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Digital Rights Management Will Turn 'Pirates' Into Legitimate Users
Next month, the Record Industry Association of America (RIAA) will begin to file thousands of lawsuits against individuals who trade copyrighted music online. But Ovum does not believe that this costly and lengthy process will bring an end to file-sharing.
Instead, Ovum is urging ISPs and content service providers to work together to develop services for music and video content to stimulate the market against file-sharing. Only by offering compelling commercial alternatives to downloading music, video or film can they hope to legitimate usage.
"The threat of civil and criminal penalties in the US will not stop more than 10 million people worldwide using file-sharing for swapping music," says Dario Betti, senior analyst with Ovum and digital content expert.
"It is time for content providers to stop treating file-sharing users as criminals, and focus on how to turn them into proper users of commercial services."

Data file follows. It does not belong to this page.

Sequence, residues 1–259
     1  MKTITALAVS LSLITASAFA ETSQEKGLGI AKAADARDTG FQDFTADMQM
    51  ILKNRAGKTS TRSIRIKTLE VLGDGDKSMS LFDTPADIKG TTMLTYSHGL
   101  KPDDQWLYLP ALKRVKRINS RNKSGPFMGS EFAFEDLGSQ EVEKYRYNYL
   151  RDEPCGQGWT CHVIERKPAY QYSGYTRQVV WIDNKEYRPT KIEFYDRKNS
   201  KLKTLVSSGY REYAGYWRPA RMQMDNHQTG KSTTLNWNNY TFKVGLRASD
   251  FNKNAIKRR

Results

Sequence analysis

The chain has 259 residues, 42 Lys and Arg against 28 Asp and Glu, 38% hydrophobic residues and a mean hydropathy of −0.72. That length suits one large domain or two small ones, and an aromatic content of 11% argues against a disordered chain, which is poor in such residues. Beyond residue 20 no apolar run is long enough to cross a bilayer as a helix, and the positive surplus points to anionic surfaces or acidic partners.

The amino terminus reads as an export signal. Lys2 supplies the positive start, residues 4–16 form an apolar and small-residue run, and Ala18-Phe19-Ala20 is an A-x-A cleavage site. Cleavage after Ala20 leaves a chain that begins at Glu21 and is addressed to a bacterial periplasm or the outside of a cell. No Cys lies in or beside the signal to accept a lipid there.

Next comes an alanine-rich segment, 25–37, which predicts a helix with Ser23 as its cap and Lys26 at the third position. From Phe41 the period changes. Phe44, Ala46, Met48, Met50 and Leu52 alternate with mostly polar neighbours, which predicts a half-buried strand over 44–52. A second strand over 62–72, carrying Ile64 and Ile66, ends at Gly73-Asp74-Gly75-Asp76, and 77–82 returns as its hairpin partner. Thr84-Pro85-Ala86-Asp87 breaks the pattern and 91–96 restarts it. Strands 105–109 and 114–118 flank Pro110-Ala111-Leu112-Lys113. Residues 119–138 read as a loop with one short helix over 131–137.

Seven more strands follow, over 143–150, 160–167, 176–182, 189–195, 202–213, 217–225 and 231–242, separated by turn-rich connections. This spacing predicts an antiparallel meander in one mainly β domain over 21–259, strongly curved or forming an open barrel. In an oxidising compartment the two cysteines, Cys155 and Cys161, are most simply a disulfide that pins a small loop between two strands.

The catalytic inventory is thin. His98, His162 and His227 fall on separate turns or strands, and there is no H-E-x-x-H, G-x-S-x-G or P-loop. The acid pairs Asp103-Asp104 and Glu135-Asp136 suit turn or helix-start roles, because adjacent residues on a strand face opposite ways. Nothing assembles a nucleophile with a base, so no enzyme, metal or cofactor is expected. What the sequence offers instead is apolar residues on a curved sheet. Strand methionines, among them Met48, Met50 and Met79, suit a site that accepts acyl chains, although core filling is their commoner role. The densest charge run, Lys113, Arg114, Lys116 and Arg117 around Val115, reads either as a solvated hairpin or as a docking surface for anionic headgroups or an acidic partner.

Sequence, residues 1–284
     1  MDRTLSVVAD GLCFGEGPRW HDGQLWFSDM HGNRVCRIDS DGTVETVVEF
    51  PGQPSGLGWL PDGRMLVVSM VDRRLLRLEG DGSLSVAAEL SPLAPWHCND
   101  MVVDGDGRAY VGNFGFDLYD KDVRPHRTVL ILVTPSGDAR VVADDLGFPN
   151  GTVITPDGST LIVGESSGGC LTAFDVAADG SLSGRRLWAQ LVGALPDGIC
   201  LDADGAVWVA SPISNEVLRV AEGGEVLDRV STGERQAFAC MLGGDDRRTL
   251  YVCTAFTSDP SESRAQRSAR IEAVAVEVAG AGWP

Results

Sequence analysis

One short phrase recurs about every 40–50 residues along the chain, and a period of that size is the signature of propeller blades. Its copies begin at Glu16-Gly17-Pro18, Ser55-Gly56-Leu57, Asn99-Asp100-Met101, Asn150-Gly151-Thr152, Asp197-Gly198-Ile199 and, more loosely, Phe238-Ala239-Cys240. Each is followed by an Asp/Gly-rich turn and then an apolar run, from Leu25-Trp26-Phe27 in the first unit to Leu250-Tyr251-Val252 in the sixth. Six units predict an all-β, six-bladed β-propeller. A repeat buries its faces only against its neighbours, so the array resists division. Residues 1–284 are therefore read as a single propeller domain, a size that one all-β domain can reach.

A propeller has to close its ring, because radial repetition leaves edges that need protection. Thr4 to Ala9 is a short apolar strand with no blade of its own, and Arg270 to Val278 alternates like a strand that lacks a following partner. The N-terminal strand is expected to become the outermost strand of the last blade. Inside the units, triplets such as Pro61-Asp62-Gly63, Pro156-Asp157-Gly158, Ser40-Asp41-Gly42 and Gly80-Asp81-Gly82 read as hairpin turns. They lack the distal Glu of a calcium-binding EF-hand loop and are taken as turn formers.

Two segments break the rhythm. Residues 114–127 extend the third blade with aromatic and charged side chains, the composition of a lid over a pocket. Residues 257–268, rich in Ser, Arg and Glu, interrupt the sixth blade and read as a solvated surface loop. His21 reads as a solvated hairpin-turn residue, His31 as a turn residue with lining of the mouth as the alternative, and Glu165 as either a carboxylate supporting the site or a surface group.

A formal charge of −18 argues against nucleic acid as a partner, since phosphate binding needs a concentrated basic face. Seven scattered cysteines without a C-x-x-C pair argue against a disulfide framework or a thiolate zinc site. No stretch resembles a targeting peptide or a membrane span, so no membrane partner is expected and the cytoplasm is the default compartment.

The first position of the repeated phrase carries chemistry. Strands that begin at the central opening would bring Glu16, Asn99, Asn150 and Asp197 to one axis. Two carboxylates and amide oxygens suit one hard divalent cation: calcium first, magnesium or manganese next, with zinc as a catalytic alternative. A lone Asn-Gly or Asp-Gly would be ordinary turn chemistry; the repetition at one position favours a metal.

According to Ovum, DRM can help content owners capture revenues for their content while allowing a fair degree of flexibility to meet user requirements.
And although the RIAA threat may not have immediate consequences for ISPs, it is in their interest too to examine how to sell and protect multimedia content. "The file-sharing culture is one of the main drivers for users to upgrade to broadband," says Betti. "And the availability of paid-for content is key for the future of broadband."
DRM enables the control and charging of content by defining the following parameters:
* Access: when the content is accessed; for example, viewing, listening or reading
* Portability: which devices can be used to access content; for example, on feature phone, PDA or PC
* Duplication: the ability to make copies of the content to store on other devices
* Distribution: P2P distribution (secondary distribution by consumers) of the content and the rules that govern it.
"The recent success from Apple's iTunes shows that turning file sharing into a commercial proposition can be done," says Betti. "The rest of industry is starting to follow into their footsteps."